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October 11, 2018

STATEMENT

Before the United States Senate Committee on Energy & Natural Resources Concerning the Full Committee Hearing to Examine Black Start

In today’s highly connected, digital and integrated world, uninterrupted electrical supply is well beyond convenience. It is a necessity. Loss of grid power creates broad economic, public health, safety and security concerns. A report by the Council of Economic Advisors estimates that the average outage costs between $18 billion and $33 billion. Severe weather events, mechanical failures and cybersecurity concerns all pose a growing threat to our electrical generating and distribution network, and our reliable, continuous electrical supply.

In the event of a power station/grid failure, restoration of electrical power to the generating unit is through a black start process, involving a generating unit that can restart its own power without support from the grid in the event of a major system collapse or a system-wide blackout.

Effective, tested plans, systems and procedures to ensure continuous electrical power, as well as plans for contingencies in the event of the loss of generating system capabilities or grid connectivity, are essential roles of government and system operators as well as underlying technology providers.

Diesel-powered generators are an integral part of the black start plan for most system operators for several reasons.

Beyond black start capabilities, mobile and stationary diesel generators along with diesel fuel are a proven and reliable source of both prime and backup power generation – and have been for decades. These units are prided for their reliability, durability, portability and baseload power capabilities.

The importance and confidence in diesel technologies used for emergency backup power is evident here in the nation’s capital, where more than 160 diesel generators are deployed by the government of the District of Columbia and provide emergency backup power to schools, hospitals, shelters, courts, police and firehouses, correctional facilities, universities, and utilities in the event of an outage.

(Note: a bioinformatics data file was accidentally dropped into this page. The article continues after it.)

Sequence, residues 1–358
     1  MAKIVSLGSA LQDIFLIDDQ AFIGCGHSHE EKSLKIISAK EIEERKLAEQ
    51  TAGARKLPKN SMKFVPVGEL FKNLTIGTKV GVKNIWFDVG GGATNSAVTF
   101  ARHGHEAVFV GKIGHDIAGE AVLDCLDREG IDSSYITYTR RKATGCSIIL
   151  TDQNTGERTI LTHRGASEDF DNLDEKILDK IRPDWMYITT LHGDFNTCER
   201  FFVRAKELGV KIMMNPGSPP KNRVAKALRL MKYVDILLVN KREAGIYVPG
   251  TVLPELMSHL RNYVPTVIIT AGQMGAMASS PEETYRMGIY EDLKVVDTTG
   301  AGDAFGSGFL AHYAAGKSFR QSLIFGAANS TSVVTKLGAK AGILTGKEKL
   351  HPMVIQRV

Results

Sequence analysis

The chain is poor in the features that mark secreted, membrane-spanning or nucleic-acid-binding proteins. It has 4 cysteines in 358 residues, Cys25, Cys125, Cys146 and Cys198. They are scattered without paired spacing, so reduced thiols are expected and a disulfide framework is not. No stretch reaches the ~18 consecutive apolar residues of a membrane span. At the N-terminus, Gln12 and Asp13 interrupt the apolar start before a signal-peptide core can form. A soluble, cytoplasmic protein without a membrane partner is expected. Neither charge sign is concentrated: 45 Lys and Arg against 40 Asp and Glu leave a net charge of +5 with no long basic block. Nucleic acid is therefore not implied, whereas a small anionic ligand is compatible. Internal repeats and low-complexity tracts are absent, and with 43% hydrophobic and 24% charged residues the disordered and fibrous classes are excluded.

The Diesel Technology Forum is a not-for-profit educational organization representing the leaders in diesel engines, including those that manufacture stationary and mobile generators, as well as vehicle and equipment manufacturers, component suppliers, emissions control technology companies and fueling interests. Resources to learn more about diesel technology in power generation and providing black start capabilities include.

To learn more about diesel technology including specific data about the numbers and types of diesel applications on the road and at work in your state, please visit our website at www.dieselforum.org

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About The Diesel Technology Forum

The Diesel Technology Forum is a non-profit organization dedicated to raising awareness about the importance of Diesel engines, fuel and technology. Forum members are leaders in clean Diesel technology and represent the three key elements of the modern clean Diesel system: advanced engines, vehicles and equipment, cleaner Diesel fuel and emissions-control systems. For more information, visit http://www.dieselforum.org.


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Sarah Dirndorfer
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sdirndorfer@dieselforum.org
(301) 668-7230